Trying to organize yourself? Not sure how to make real gains? Rely on the advice of the many folks who have been there before.
 
BogdanC356
Thanks Received: 0
Vinny Gambini
Vinny Gambini
 
Posts: 5
Joined: July 03rd, 2018
 
 
 

How to Read Stimuli

by BogdanC356 Wed Sep 26, 2018 1:40 pm

After months of studying my score has bumped up from 146 to 154, which is at most average. I took the September test and am trying to do better for the November test.

All my problems with LR (and maybe RC) probably boil down to one thing. I have trouble reading past all the word salad. It's like I have a certain block or ceiling. When the questions become too convoluted and abstract I can no longer accurately read them under time pressure. I have too little time to carefully make sense of it.

I have great trouble in passages about:
medecine
figures (%s versus #s etc.)
law
economics
politicies
(things that deal with abstractions and rules)

Passages where I do well:
sciences
arts
literature
journalism
history
philosophy
(things that deal with valuation, concrete things, and what you could call the human condition or liberal arts)

I wish there were ways that could help me. Doing the usual routing of spotting the conclusion and finding the argument core certainly helps, but only so much. Any advice on how to not get swamped by "legalese" and other such jargon would really help.
User avatar
 
ohthatpatrick
Thanks Received: 3140
Atticus Finch
Atticus Finch
 
Posts: 4452
Joined: April 01st, 2011
 
 
 

Re: How to Read Stimuli

by ohthatpatrick Tue Oct 02, 2018 4:45 pm

Well, first of all, make sure you missing 0 - 2 points in Logic Games (through routinely doing and re-doing logic games until you're very fast at them). If you have a weakness with dense wording, you want to compensate by making the clean math of Games a super-strength.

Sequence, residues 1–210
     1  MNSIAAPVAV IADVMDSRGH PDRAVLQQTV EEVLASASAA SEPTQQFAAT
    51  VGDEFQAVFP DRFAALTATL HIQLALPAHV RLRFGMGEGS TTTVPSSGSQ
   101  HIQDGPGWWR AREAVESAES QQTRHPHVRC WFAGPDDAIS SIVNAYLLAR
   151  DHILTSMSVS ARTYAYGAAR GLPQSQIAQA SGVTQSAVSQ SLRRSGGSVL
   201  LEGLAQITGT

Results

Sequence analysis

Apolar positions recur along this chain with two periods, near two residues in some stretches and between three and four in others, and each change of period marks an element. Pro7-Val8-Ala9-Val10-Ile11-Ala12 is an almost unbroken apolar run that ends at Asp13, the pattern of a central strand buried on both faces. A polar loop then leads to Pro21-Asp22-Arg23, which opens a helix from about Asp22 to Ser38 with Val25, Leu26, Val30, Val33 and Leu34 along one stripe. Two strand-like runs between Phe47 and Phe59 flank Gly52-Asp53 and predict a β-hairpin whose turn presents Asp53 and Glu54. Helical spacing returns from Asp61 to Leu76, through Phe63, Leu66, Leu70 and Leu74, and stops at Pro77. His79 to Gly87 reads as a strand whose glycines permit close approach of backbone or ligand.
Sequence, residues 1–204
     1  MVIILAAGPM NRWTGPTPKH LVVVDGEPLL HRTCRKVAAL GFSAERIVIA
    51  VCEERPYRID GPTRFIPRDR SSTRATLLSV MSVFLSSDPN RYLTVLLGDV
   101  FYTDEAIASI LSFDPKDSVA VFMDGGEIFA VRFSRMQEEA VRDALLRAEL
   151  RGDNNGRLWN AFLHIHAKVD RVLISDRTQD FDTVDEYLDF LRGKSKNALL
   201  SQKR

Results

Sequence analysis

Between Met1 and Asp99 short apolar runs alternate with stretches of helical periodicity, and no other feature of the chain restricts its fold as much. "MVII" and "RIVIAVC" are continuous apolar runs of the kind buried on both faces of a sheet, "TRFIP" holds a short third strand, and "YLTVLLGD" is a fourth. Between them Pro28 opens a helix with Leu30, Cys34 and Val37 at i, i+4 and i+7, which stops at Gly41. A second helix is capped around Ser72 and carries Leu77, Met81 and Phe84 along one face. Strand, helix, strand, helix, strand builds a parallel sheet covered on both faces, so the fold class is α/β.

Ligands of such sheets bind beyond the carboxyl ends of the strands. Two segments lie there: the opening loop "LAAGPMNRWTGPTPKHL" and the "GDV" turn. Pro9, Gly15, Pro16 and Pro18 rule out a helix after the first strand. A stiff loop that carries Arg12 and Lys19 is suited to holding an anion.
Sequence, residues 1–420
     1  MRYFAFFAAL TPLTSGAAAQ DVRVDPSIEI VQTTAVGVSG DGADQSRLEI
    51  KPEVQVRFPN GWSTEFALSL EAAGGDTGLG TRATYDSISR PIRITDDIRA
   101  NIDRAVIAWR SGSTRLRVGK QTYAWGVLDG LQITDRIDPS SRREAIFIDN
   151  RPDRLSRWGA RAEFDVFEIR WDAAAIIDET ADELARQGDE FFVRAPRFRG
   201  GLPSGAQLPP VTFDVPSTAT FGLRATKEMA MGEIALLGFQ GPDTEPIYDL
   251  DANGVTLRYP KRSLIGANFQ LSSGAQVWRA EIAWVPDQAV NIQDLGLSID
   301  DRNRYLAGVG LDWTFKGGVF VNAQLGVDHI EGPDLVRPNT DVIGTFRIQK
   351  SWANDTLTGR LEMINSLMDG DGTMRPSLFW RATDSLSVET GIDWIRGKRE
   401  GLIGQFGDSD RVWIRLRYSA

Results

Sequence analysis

Ultimately, there IS no helping anyone with some challenging aspects of the test.

Lawyers are paid tons of money because they are the best readers around. They can process the most difficult to read legalese / they can be operationally knowledgeable at a wide range of topics (since their clients and cases may vary a great deal. They see nuance and loopholes where normal people would miss it. They see strength of wording where others might miss it. They are experts at when the law applies / when it doesn't.

So it shouldn't surprise us that LSAT is testing us on whether we're one of the best readers around. We need to be able to handle sophisticated vocabulary, a wide range of often complex topics, and convoluted syntax and sentence structure.

For people taking LSAT in a 2nd language, it's a particularly steep challenge.

When it comes to science-y stuff, we have to remind ourselves that LSAT is mainly testing our ability to decipher the logic structure / big picture. So for RC, you don't get lost in the detail paragraphs; you constantly remind yourself of the overall Purpose / Main Point of the passage.

For LR, you try to see a more generic reasoning structure that happens to be wearing scientific details.

In both cases, you try to dumb down the technical wording and give your brain much easier concepts to use. (f.e. instead of thinking of something as hydrophilangeas syringae you think "The bad-guy bacteria")

My suspicion is that you might be able to improve your LR abilities by making sure you're a master of Causal arguments and Conditional language.

Causal arguments are very common, and they often contain some of the more science heavy language, but they ultimately boil down to the same two pressure points:

1. Is there some OTHER WAY to causally interpret the background evidence (besides the way the author did)?
2. How could we add/subtract plausibility to the AUTHOR'S WAY of explaining?

For #1, you should be familiar with concepts like Reverse Causality and Third Factor
For #2, you should be familiar with concepts like Covariation (i.e. "no cause, no effect" = STR vs. "cause, no effect" = WEAK)

Conditional logic is frequently found in paragraphs that have lots of technical details about science or politics. If you're not noticing conditional logic when it appears, you have to learn to sensitize your brain to the familiar conditional logic trigger words (if, when, all, each, any, every, no, the only, only, only if, must, unless, requires, without, etc.)

Most problems testing conditional logic are much easier if you're simply looking at whether conditionals chain together, whether they can be applied to any provided facts, and whether answer choices are attempting an illegal reversal or negation.

In terms of the question testing mathematical concepts, there's no replacement for that other than to get stronger at the underlying mathematical concepts.

Sorry there aren't any easy answers here. This is the part of training for LSAT that can help us get a sneak preview of the reading challenges we'll be facing in law school.

Good luck.